An Open Letter to Toy Retailers
February 23, 2009
Toy Industry Association, Inc. (TIA) is the not-for-profit trade
association for the producers, importers and distributors of toys and
youth entertainment products sold in North America. TIA and its
member companies are committed to assuring the safety of the nearly
three (3) billion toys that enter the marketplace each year.
As a valued customer of our industry's products and as the vital link
to consumers, it is important to us that members of the retail community
understand the current status of the toy industry’s efforts to
implement and adhere to the requirements of the Consumer Product Safety
Improvement Act of 2008 (CPSIA) so that they may make an informed
judgment about whether the products currently on their shelves are
likely to be in violation of the new standards for lead and phthalates
that became effective on February 10, 2009.
The U.S. Consumer Product Safety Commission (CPSC) has provided relief
from some provisions of the CPSIA TIA is a strong supporter of the
concepts contained within the CPSIA. The Act strengthens toy
safety standards and elevates them to the status of federal law; it also
mandates certified testing by manufacturers to prove conformance with
Unfortunately, in the rush for adoption, the final language used by
Congress resulted in much confusion about the scope and impact of the
law and in the imposition of unrealistic effective dates and unwarranted
retroactivity. Staff at the CPSC, the agency responsible for
enforcement of the CPSIA, has done much to decipher and illuminate the
On January 30, 2009, the Commission approved a one-year stay (e.g.,
postponement) of certain testing and certification requirements for
total lead content limits and phthalate limits. The one-year
postponement for the proper testing for phthalates and lead
content is intended to provide CPSC a window to develop needed
regulatory guidance for use by manufacturers and importers in testing to
the new standards.
In addition, in early February, the CPSC announced a “Good
Faith”-based enforcement policy that it will not impose penalties
against manufacturers, importers, distributors, and retailers that make,
import, distribute, or sell toys if they have no “actual
knowledge” that a product exceeds limits, or continue
to distribute a product after being put on actual notice by CPSC
not to do so.
The February 6 announcement includes exemptions for toys with
electronic components and inaccessible parts that may exceed the 600 ppm
lead limit, and certain materials that the Commission has recognized
rarely, if ever, contain lead. Further, to the exemption for
inaccessible parts, the CPSC has announced that it will accept in good
faith “a manufacturer’s determination that a lead-containing
part on their product is inaccessible to a child and not subject to the
new lead limits”.
Draft guidance issued by the CPSC on February 12 has also helped to
clarify that a very limited range of defined toys and childcare articles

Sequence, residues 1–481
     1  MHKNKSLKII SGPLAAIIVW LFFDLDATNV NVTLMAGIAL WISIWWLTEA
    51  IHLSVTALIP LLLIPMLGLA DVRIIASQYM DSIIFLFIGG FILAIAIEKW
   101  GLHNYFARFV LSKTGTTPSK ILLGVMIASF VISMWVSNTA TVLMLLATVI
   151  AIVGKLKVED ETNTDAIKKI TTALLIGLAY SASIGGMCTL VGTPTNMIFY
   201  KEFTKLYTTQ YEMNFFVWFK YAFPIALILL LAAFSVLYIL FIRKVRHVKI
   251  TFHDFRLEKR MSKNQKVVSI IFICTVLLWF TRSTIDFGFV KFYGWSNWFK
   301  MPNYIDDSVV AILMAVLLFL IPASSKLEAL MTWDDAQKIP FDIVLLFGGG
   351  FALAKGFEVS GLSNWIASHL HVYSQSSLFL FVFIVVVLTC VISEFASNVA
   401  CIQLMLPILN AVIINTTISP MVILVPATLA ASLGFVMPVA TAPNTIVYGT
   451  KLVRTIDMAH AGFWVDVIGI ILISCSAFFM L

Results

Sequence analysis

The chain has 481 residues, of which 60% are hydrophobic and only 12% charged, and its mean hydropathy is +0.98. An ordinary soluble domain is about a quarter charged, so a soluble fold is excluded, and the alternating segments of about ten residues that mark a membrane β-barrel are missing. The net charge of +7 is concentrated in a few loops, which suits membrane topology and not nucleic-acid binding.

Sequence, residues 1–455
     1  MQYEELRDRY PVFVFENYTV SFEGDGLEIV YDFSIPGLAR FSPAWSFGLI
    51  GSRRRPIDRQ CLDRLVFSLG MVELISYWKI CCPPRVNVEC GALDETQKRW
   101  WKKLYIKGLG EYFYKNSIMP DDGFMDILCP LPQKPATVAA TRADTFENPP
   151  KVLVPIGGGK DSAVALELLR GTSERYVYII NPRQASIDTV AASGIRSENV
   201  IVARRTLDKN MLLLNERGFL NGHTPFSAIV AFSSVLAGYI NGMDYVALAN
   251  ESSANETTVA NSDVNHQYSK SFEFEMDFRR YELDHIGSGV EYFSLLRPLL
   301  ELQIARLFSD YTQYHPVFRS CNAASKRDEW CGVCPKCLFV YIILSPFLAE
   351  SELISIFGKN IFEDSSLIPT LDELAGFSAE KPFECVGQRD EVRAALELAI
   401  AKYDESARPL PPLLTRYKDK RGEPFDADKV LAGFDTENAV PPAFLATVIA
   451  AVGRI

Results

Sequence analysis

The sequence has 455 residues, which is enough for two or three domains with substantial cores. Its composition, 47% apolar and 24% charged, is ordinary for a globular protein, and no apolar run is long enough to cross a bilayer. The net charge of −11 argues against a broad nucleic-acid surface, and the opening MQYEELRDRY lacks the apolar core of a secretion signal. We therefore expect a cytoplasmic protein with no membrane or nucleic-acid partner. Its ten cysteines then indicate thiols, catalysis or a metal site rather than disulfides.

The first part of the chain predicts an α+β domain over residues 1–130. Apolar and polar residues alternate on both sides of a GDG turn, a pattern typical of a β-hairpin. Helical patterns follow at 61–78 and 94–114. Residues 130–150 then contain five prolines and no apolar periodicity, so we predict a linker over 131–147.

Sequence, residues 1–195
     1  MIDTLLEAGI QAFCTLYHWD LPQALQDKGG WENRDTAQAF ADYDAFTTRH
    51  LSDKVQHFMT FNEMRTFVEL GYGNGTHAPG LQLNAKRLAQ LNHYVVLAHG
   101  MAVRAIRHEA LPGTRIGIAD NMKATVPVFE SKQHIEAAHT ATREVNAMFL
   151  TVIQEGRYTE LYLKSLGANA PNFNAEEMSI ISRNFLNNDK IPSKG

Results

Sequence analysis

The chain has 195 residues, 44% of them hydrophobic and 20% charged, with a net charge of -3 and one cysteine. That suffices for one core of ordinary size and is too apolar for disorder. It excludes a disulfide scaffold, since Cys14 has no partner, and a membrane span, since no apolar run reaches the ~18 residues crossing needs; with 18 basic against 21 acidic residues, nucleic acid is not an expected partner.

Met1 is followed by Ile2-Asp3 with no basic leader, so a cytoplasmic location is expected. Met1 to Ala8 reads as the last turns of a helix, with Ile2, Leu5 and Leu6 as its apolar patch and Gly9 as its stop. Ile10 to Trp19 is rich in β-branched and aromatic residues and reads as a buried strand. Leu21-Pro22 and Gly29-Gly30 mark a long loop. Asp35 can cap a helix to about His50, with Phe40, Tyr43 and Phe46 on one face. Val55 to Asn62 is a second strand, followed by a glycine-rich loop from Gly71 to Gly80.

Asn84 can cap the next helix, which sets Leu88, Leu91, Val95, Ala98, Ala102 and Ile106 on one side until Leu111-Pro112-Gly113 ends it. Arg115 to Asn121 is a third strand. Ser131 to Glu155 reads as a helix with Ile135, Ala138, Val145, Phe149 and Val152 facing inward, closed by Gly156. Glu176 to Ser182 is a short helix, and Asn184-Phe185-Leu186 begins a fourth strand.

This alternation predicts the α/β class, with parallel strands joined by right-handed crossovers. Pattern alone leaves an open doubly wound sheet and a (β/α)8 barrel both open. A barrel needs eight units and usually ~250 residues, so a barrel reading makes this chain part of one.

are actually subject to the phthalate requirements that went into effect
on February 10.
Thus, the CPSC has only recently begun to define testing
methodologies and has yet to accredit any parties to conduct either lead
content or phthalate testing. This means that manufacturers and
retailers have been calling upon their labs to test existing inventory
against yet-to-be-defined testing protocols.
Recently published CPSC testing protocols for phthalates also clarify
that much of the previous testing on surface coatings and component
parts done to date may have overstated problems.
While the reports we are receiving from retailers and manufacturers
is that a very small number of currently produced toys have been found
in testing to violate the new standards, particularly given the
exemptions clearly allowed by CPSC and the Act, TIA remains concerned
about removal of past produced product without adequate CPSC guidance or
rules in place .
The Toy Industry’s Record of Safety
The toy industry is working diligently to assure that the products it
produces conform to the new safety standards. But toys have
historically been among the safest consumer products in the
marketplace. Limits on lead content for surface coatings have been
in place for decades, and toy manufacturers have had no reason to
specify the use of lead in their products.
We believe that there are very few defined toys currently in the
marketplace that have accessible, mouthable components that would fail
to meet the new CPSIA requirements.
Accordingly, TIA urges retailers to be mindful of the CPSC
policy that emphasizes and encourages good faith judgments and to
make sound decisions regarding whether the inventory on your shelves
does not violate CPSIA requirements, unless specifically advised
otherwise by the Commission or suppliers.
As CPSC Commissioner Moore noted in voting for the stay of
enforcement: “If there is one message a small manufacturer should
take from the Commission’s action today it is this: If you have
been making products without receiving any safety-related complaints,
you should go on making and selling your
Hundreds of toy manufacturers have been making products without
receiving any safety-related complaints for many years: less than
1% of toy products were recalled in 2007 for lead content issues and
there were no reports of any injuries or adverse health effects from any
of the toys recalled for lead standard violations.
Because of this record of safety, retailers and parents can be
confident that the toy industry fully understands its safety
responsibility. We will continue to take all possible steps to
comply with federal toy safety laws and abide by all CPSC determinations
of safety that are based upon established, clear and comprehensive
regulations and standards.
We look forward to working with you to ensure that all toys sold in
the U.S. are safe.